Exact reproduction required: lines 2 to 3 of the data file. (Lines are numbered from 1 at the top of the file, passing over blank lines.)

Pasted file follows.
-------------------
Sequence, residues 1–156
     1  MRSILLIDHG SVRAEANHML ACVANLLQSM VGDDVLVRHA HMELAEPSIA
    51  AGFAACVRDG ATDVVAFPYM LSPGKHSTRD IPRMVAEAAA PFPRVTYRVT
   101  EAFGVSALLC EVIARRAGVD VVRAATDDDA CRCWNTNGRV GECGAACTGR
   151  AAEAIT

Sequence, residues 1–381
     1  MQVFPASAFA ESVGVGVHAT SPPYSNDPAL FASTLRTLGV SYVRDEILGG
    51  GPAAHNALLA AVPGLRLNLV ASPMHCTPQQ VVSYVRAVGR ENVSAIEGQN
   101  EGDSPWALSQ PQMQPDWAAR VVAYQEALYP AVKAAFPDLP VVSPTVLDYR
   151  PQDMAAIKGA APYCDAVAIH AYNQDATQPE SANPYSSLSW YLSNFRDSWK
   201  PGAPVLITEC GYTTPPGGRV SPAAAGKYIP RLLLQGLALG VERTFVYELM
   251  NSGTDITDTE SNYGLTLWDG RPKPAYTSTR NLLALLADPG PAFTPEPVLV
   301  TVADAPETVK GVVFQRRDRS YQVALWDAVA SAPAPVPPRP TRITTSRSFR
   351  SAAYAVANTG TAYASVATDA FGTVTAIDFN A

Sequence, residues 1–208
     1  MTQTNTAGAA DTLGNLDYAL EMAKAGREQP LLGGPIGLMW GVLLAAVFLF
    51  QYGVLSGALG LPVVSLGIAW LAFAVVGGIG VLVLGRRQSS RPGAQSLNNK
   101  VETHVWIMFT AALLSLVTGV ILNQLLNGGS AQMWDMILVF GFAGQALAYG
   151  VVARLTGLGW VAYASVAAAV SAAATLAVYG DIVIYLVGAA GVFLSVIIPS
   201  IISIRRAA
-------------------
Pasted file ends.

     1  MRSILLIDHG SVRAEANHML ACVANLLQSM VGDDVLVRHA HMELAEPSIA
    51  AGFAACVRDG ATDVVAFPYM LSPGKHSTRD IPRMVAEAAA PFPRVTYRVT